Although we don't believe in timing the market or panicking over market movements, we do like to keep an eye on big changes -- just in case they're material to our investing thesis.
What: Shares of VASCO Data Security International (NASDAQ:VDSI) surged nearly 14% at the open on Tuesday morning after the company reported its fourth-quarter earnings. Within an hour, the stock collapsed, falling more than 11% below the previous day's close. As of noon, the stock had recovered from this drop, up slightly from the previous close.
So what: VASCO reported 44% year-over-year revenue growth for the fourth quarter, with revenue of $62.4 million easily beating analyst estimates of $54 million. Non-GAAP EPS nearly tripled year-over-year to $0.32, besting analyst estimates by twelve cents.
For the full year, VASCO recorded $201.5 million in revenue, up 30% compared to 2013, and $0.98 in non-GAAP EPS, up from just $0.40 in 2013. The company has guided for revenue in 2015 to be in the range of $220 million to $230 million, and for the adjusted operating margin to be between 17% and 20%.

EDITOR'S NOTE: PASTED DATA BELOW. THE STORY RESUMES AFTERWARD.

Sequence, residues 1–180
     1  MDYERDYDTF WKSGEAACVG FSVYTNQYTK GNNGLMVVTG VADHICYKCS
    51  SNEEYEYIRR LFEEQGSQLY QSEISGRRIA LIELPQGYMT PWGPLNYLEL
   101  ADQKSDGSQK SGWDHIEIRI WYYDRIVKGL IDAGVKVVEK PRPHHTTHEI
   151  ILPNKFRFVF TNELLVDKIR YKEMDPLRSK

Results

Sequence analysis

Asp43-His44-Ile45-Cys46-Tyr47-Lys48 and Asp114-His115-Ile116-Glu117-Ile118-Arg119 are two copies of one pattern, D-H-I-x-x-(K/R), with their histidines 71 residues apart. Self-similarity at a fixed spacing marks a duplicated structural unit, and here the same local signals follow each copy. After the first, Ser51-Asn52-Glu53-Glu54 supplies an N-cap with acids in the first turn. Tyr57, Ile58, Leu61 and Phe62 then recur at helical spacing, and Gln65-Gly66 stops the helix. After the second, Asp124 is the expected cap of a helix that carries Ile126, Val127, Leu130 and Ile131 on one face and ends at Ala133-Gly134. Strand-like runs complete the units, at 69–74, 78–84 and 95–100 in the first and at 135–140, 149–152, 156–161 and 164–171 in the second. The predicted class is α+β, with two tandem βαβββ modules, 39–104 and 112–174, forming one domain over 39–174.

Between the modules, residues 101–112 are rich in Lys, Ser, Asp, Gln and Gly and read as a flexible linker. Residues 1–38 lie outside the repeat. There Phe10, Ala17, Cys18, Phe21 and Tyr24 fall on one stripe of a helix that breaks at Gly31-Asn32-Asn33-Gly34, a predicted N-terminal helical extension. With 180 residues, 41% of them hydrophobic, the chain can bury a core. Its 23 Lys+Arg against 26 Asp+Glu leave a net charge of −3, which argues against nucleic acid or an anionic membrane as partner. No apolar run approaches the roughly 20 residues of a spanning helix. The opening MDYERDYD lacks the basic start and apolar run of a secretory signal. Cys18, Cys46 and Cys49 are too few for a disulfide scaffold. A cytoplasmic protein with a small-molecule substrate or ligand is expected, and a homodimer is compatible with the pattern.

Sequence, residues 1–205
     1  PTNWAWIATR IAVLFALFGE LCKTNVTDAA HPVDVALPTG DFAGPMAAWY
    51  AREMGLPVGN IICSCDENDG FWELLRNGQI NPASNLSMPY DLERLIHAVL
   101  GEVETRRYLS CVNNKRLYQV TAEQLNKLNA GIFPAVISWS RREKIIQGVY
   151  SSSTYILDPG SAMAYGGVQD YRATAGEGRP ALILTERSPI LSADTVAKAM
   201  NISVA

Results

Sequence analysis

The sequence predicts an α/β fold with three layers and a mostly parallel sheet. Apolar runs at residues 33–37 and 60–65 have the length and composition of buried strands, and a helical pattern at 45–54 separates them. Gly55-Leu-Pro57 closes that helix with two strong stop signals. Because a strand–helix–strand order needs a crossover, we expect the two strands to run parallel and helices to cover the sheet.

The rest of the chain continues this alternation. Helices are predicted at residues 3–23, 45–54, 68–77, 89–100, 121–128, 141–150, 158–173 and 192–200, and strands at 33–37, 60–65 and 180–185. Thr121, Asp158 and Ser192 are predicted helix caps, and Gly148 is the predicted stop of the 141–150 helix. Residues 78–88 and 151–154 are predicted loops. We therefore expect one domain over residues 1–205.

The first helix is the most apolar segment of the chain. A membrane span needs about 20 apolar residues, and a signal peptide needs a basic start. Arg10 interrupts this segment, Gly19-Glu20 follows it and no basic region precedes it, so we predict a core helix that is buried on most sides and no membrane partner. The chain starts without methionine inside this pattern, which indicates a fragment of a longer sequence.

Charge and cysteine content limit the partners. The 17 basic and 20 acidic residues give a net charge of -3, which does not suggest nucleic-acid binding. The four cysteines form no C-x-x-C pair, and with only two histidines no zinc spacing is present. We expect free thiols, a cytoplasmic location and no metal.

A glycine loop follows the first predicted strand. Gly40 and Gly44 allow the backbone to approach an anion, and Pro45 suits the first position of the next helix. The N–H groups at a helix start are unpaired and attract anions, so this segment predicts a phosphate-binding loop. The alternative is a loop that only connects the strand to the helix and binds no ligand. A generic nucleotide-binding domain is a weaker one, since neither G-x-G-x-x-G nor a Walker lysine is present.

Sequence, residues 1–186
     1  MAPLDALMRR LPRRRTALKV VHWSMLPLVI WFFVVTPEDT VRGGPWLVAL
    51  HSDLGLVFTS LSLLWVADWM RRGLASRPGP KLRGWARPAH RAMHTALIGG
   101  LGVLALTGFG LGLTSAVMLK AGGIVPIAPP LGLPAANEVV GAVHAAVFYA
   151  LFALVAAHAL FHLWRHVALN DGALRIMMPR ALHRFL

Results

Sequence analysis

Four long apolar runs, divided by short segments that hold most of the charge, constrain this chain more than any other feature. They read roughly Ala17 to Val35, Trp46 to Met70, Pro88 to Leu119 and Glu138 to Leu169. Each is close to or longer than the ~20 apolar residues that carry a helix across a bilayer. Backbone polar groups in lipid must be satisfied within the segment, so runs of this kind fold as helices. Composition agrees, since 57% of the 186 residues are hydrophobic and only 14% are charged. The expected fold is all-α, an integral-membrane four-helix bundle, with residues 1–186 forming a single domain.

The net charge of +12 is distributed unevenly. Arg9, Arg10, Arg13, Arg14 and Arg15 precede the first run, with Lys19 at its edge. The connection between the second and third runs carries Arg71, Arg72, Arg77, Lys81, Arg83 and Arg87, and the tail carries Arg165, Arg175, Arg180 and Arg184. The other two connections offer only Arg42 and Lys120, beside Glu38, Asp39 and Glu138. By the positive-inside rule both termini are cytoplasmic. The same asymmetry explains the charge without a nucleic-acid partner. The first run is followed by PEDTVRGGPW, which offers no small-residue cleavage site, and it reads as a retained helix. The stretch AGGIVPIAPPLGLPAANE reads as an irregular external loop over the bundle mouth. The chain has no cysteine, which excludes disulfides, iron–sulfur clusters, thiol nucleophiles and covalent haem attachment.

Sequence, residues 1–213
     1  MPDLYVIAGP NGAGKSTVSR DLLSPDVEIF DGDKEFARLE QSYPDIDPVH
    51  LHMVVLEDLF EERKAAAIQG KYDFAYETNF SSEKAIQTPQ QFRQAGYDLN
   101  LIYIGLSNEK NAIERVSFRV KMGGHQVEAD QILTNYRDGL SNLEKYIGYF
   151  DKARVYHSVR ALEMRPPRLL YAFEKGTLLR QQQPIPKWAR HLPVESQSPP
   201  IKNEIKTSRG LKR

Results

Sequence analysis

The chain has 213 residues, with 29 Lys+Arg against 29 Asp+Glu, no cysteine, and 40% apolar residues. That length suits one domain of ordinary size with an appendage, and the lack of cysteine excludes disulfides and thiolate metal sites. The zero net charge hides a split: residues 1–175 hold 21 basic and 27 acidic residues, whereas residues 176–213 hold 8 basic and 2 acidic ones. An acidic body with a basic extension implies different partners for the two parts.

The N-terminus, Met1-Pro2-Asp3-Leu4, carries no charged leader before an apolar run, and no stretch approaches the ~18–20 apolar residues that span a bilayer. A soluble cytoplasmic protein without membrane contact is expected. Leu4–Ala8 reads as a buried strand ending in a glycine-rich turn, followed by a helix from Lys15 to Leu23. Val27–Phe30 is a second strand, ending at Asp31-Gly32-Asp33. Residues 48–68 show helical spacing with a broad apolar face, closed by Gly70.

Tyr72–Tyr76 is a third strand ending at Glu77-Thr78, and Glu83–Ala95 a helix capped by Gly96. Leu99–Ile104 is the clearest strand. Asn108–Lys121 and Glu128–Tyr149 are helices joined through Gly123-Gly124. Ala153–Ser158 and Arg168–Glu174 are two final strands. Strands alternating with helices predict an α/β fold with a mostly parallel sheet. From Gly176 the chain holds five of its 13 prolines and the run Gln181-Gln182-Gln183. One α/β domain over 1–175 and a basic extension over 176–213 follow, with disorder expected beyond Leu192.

Now what: Shares of VASCO nearly quadrupled in 2014, and the stock now trades at a lofty six times sales and nearly 30 times earnings. While growth in 2014 was strong, the company suffered revenue and earnings declines in both 2012 and 2013, and while the company has been profitable in each of the past 10 years, operating margins have been erratic.
VASCO's earnings results were unambiguously positive, but the market's machinations, sending the stock up, then down, then up again, all by noon, could be the result of both a high valuation and uncertainly over whether the positive results will prove sustainable. VASCO's guidance in the past has missed the mark, with revenue coming in well below the company's expectations in both 2012 and 2013. Investors considering any stock should never take management's predictions as fact.
Timothy Green has no position in any stocks mentioned. The Motley Fool has no position in any of the stocks mentioned. Try any of our Foolish newsletter services free for 30 days. We Fools may not all hold the same opinions, but we all believe that considering a diverse range of insights makes us better investors. The Motley Fool has a disclosure policy.